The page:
Using the camera of our minds
I've added another in depth discussion page sharing my process for a new work-in-progress entitled Kauai Night Dream
Kauai Night Dream, Detail, Size TBD, 2007
Click on the image to go to the page and see the entire piece as it stands now. Check back later to see how it turned out. Like many of my Digital Alchemy Pieces, this one incorporates painting, photography and computer graphics. But Somehow the style seems different to me. Maybe I've morphed into a new genre. Should I call it Bio-Alchemy? This piece excites me because it is starting to capture something I've seen in nature quite often, but have always found impossible to get with a camera. I'm talking about that luminous, almost hallucinogenic quality nightscapes have. Our eyes see remarkably well into the vagary of night, but it's our a vivid brains that do the magic. You see our eyes are getting very little color information at night and loosing most of the shadow detail. But despite this deficit our brains use our past experience and knowledge of what the landscape should look like to fill in the the detail, and sometimes, create a sublime moment. I find this eye/brain relationship truly remarkable. This example goes a long ways towards explaining how the eye/brain organ functions radically different than a modern camera.
How many times have I left the studio late at night, exhausted from working on a deadline project, only to feel instantly revived by the fresh cool air and the transcendent moon back lighting the giant maples and cedars around the house. Such moments are worth at least an hours sleep.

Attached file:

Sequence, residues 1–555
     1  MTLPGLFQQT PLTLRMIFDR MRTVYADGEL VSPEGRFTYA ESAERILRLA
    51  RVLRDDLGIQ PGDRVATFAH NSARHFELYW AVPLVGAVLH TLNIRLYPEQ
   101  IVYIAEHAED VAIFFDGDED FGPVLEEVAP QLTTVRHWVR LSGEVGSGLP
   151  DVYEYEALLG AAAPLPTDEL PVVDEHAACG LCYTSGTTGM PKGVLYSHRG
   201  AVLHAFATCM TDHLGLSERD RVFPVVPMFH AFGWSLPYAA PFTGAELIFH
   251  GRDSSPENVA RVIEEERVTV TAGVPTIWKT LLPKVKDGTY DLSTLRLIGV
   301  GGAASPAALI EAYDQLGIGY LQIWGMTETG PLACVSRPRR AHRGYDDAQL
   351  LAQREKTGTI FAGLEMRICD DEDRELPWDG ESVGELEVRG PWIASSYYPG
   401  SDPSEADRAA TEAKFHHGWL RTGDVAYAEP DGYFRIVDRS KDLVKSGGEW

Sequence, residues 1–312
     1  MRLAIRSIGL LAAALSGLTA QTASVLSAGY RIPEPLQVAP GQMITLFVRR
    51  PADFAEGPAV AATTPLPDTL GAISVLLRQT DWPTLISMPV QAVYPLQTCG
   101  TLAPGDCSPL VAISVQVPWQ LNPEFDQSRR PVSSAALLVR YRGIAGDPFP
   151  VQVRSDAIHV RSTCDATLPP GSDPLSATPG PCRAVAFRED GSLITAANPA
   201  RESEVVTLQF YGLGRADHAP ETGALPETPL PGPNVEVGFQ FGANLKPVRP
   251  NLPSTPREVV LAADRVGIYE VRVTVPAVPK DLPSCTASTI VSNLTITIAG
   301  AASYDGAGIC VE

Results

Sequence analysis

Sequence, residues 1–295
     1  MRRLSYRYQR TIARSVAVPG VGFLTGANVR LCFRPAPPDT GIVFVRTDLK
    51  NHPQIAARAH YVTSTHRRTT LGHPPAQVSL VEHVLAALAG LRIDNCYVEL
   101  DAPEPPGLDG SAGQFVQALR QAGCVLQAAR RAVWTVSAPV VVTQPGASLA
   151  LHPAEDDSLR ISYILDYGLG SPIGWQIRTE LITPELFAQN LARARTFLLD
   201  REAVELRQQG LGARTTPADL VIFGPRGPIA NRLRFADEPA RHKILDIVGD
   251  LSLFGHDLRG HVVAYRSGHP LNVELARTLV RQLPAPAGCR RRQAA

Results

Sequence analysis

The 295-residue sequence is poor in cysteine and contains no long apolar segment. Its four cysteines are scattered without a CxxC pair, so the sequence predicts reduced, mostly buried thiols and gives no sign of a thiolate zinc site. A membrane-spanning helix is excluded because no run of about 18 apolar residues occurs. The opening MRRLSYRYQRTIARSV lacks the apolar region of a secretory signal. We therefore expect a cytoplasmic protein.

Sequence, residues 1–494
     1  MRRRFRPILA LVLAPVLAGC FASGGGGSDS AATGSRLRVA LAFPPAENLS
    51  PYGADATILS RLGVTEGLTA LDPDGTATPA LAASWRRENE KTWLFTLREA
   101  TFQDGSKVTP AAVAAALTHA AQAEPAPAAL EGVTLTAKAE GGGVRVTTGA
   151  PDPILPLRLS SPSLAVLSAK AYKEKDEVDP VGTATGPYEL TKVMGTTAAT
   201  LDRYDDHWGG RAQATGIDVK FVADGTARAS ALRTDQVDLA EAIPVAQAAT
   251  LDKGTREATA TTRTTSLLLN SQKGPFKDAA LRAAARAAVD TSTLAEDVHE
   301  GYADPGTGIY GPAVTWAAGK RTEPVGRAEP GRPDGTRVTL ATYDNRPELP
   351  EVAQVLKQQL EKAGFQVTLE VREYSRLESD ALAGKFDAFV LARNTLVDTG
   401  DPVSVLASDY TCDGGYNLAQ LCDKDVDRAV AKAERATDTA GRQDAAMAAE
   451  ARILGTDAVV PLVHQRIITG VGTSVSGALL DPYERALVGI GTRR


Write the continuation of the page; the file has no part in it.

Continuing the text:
Once I was doing a film in Jamaica, and had a few days to explore the island. this would have been around 1986, and essentially in a pre-digital photographic age. I rented a motorcycle and headed into the Blue Mountains with my still camera. Just after sunset I found myself on a ridge road near the summit and looked westward across the jungle to the sea. My view was shrouded my massive trees and hanging creepers and fireflies glinted in the shadows as the last chromatic ribbon of light faded into the water. I pulled over and took it in with a bitter sweet chord ringing in my heart, for though I was looking at a scene of extreme aesthetic beauty, I knew that it would be pointless to get out my camera and try and shoot it. What I was seeing was beyond the technical limitations of the equipment, of any equipment.
It occurred to me sometime later how to capture this type of image. I was camping at Mono Lake on the desert side of the Sierra Nevada Mountains when scene of similar delicate beauty occured. The full moon rising over the desert lake became partially obscured by cloud; Lunar light turned the diaphanous mist into silver poetry. I realized then that while my camera might not see I could. So I decided to think and observe like a painter, studying the visual mechanics of light and tone blooming before me; Memorizing all that I could about what this moonrise looked like.
And now I find myself living in an age where digital tools allow me to recreate these moments. Combining the skills of photography and painting, I can pull on my magical observations and 'print' what I saw. I now realize that I was able to take that long lost picture in the Blue Mountains of Jamaica after all; I only had to be patient while the scene remained latent in my memory, awaiting the visual renaissance happening in visual art today.